Every so often, this poem comes to mind.
I first heard it years ago, when a young co-worker recited it from memory. Listening to her mellifluous voice, rising and falling in all the right places, I thought, How profound.
I’ve used it with students for interpretation, for inferring, for fluency practice, for the pleasing rhythm.
Mostly I just mull the truth of it, in its utter simplicity.
Especially the last two lines.
I’ve only just a minute,
Only sixty seconds in it.
Forced upon me, can’t refuse it,
Didn’t seek it, didn’t choose it,
But it’s up to me to use it.
I must suffer if I lose it,
Give an account if I abuse it,
Just a tiny little minute,
But eternity is in it.
Attributed to Dr. Benjamin E. Mays
You’ll bring your own interpretations, images, minutes to this.
I think of all the stories that hang in the balance of a minute. In the wavering. In the choosing. There’s always that minute before the accident, before the attack, before the kiss of human or substance, before the choice that cannot be unmade is made. In a minute, lives are created, lives are destroyed. Fortunes gained, fortunes lost. The young, often consumed with this minute, blinded by now, cannot see forward; the old, bearing the weight of all their minutes, look back, see them all too clearly, and sigh.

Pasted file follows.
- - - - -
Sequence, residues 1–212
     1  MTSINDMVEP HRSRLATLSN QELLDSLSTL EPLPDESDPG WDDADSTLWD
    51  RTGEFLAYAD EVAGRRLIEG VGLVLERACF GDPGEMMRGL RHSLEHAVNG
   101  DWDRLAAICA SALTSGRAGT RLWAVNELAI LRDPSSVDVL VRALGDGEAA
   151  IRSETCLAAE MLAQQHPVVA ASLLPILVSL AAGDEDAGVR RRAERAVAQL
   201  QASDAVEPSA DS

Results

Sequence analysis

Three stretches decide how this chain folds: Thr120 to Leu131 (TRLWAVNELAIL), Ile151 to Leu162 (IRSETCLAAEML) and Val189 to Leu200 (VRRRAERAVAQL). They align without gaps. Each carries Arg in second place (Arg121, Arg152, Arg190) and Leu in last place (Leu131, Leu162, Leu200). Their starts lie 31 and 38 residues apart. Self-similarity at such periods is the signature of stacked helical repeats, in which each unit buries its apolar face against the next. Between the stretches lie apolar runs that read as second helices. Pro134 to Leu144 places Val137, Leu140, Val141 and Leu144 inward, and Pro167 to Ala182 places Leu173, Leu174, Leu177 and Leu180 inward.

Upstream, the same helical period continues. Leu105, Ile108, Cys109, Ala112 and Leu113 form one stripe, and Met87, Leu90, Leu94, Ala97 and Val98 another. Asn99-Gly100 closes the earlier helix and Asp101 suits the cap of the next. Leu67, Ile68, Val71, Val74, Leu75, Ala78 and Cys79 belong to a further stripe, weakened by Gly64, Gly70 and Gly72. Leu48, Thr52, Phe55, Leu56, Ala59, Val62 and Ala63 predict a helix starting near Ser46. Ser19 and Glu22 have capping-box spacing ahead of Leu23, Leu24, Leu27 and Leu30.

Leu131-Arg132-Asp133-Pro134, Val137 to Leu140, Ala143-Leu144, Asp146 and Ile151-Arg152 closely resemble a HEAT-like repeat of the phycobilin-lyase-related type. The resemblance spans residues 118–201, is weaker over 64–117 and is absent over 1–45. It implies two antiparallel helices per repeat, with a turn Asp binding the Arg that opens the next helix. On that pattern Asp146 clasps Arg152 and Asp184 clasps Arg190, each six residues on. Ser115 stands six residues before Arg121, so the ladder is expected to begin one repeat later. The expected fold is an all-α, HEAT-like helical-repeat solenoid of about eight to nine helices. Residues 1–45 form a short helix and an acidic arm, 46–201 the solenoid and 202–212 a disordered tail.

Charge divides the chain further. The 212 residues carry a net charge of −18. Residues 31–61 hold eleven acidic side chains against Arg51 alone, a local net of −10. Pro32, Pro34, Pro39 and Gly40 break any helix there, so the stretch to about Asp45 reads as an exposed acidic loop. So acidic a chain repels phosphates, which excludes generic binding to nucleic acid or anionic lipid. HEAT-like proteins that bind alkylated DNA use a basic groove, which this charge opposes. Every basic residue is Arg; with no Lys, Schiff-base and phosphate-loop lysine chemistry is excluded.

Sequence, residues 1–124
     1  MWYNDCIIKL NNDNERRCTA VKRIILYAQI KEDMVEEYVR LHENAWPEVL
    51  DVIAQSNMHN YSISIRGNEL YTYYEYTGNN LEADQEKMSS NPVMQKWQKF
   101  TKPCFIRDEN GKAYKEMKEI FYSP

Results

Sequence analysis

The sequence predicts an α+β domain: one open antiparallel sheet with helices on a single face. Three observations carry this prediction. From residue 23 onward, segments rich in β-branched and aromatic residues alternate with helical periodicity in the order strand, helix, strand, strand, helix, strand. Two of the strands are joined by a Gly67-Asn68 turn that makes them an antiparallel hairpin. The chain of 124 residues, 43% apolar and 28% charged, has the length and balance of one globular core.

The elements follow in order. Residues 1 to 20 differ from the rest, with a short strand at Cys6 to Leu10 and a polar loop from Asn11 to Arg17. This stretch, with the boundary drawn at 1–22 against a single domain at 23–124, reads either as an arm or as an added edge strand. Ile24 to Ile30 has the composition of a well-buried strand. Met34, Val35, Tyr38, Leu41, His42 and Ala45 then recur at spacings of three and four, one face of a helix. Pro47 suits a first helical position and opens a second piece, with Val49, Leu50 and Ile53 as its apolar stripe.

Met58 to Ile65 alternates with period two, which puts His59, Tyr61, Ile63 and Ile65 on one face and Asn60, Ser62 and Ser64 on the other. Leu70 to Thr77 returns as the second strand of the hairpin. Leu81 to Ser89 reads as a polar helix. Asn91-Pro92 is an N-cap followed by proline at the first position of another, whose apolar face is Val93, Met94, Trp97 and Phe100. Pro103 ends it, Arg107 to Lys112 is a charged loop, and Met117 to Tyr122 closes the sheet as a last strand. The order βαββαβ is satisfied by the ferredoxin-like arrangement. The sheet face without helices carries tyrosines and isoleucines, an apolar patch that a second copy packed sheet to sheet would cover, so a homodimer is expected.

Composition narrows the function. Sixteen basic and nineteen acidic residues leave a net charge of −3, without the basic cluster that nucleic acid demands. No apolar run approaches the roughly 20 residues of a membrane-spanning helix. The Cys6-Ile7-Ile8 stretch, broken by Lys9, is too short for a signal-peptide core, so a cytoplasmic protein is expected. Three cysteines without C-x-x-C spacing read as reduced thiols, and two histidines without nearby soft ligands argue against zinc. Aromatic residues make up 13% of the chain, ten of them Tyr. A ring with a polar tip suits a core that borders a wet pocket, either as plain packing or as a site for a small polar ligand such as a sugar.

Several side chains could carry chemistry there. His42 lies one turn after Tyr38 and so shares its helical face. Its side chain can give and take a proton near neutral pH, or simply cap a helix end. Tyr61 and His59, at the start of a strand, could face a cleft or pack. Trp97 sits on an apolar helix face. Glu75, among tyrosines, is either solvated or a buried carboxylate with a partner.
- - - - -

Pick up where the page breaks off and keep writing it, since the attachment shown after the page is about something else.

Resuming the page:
We do not choose our minutes. We cannot save them or store them. We can only seize them, endure them, waste them, invest them, or pay for them. A choice lies inside each minute, always, even when there seems no choice.
I think of the ripple effect of one minute’s choice, how it never affects just one person but countless others, spanning families, communities, cities, nations, maybe generation after generation. For better, for worse.
I see the news. I read. I hear people’s stories, every day. We live our stories, we make them, every single minute, by our choices, actions, reactions. In some minutes I pause, recalibrate, celebrate, breathe a prayer of gratitude. In other minutes I sink under the anesthesia of why.
Only a minute, come and gone, and we are changed, whether imperceptibly or instantly, forever.
And that line whispers to me, once more. It’s never far away, really.
Just a tiny little minute, but eternity is in it.